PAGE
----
Under the agreement, the Quaker Oats business will provide three years of funding to the U of S Crop Development Centre (CDC) and Plant Sciences Department for oat research and development.
“This partnership enables the CDC to more quickly and efficiently develop disease-resistant, higher-yielding varieties and improved oat production practices,” says CDC Managing Director Dorothy Murrell.
This funding represents a major increase to the current significant support the U of S program has had from the Quaker Oats business. The support from the Quaker Oats business is unique in Canada, having provided a continuous flow of funding to the U of S oat research and development program for more than 30 years.
The new funding will go toward hiring research technicians, training summer and graduate students, and expanding the U of S program into new oat pathology and genomic research areas. These new activities build on the U of S’s history of outstanding oat research, notably in the area of variety development with very high milling quality for the oat food market.
“Oat research and development, especially the development of varieties well-adapted to western Canadian growing conditions, is critical to our long-term success,” says Tom Hare, Vice-President responsible for Research and Development for Pepsi-QTG Canada. “The Quaker Oats brand enjoys a reputation as one of the world’s most trusted brands, and this kind of research contributes to our ongoing ability to deliver a superior product to our consumers.”
Pepsi-QTG Canada is a division of PepsiCo Canada and is dedicated to providing superior oat products to the marketplace.
U of S professor and CDC oat breeder Brian Rossnagel echoes that it is important to work together with Western Canadian oat industry players.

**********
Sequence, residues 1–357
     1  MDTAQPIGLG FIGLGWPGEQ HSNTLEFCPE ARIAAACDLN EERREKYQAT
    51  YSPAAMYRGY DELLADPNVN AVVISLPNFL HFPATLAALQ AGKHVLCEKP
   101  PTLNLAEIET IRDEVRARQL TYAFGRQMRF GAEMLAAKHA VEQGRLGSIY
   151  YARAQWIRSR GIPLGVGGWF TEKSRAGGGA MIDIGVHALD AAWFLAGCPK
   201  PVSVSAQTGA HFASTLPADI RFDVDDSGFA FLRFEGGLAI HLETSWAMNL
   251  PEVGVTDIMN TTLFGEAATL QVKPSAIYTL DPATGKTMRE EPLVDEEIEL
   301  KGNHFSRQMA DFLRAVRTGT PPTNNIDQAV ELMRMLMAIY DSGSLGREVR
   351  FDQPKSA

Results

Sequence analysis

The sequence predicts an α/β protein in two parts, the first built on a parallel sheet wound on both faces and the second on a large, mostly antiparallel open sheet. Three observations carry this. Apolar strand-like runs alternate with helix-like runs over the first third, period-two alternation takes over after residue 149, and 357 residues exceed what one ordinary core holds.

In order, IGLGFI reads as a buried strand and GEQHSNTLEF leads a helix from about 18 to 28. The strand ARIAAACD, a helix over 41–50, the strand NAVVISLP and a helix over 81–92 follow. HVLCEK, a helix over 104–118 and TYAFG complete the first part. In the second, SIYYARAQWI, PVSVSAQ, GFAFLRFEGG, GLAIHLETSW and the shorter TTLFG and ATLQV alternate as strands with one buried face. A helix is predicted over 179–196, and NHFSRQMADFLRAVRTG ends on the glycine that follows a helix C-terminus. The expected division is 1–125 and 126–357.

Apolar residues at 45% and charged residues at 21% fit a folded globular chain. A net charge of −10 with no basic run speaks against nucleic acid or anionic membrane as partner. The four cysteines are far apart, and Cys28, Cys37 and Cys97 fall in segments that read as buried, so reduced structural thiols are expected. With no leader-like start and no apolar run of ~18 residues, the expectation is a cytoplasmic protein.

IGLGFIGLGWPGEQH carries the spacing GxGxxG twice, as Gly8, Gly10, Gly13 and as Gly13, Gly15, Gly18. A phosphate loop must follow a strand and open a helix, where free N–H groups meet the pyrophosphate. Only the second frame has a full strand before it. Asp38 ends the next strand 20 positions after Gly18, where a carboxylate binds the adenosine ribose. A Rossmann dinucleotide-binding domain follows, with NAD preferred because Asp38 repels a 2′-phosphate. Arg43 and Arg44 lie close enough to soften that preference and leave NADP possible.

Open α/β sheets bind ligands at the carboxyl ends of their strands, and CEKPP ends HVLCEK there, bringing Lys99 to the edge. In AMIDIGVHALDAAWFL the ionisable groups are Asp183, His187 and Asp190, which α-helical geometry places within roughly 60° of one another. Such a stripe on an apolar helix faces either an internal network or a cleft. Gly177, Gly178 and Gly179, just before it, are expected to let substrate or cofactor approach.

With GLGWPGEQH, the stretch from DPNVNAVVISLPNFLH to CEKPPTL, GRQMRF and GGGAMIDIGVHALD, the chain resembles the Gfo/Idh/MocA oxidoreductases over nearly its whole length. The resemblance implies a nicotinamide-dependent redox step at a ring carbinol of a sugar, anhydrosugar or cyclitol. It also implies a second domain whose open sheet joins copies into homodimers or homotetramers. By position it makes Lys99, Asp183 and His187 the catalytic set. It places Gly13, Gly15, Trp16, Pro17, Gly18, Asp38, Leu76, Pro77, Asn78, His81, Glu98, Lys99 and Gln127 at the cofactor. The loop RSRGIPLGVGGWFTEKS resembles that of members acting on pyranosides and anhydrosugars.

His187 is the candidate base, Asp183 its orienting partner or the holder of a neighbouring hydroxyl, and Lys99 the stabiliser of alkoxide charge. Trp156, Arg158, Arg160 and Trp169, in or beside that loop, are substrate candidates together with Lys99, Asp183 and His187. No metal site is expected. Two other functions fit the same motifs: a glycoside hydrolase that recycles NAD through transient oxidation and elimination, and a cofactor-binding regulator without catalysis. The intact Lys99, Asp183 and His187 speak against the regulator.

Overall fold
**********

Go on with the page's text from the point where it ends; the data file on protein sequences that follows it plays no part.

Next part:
“It’s extremely important that we work together with Western Canadian oat industry players,” says CDC oat breeder Brian Rossnagel. “The feedback and support we receive from our research partners and supporters such as Pepsi-QTG Canada is critical to future planning and the success of our oat research and breeding programs. We are extremely proud that Pepsi-QTG Canada has chosen our program as their flagship oat R&D partner for North America and look forward to this long relationship continuing for many years to come.”
While the Quaker Oats business remains the major industry supporter of the U of S oat R&D program, core support for the program comes from Saskatchewan Ministry of Agriculture and the U of S, while other critical support comes from the Saskatchewan Oat Development Commission, CanOat Milling, Grain Millers, SuperOats Canada and FarmPure Genetics.
Established within the U of S Plant Sciences Department in 1971, the CDC is a nationally renowned centre of excellence in crop research. The CDC seeks to increase diversification of crops and their products for the farmers and agriculture industry of Saskatchewan by improving existing crops, creating new uses for traditional crops, and developing new crops.
Located in the heart of Saskatoon, the U of S is one of the leading medical doctoral universities in Canada. With 58 degrees, diplomas and certificates in over 100 areas of study, the University is uniquely positioned in the areas of human, animal and plant studies. World-class research facilities, renowned faculty and award-winning students make the U of S a leader in post-secondary education.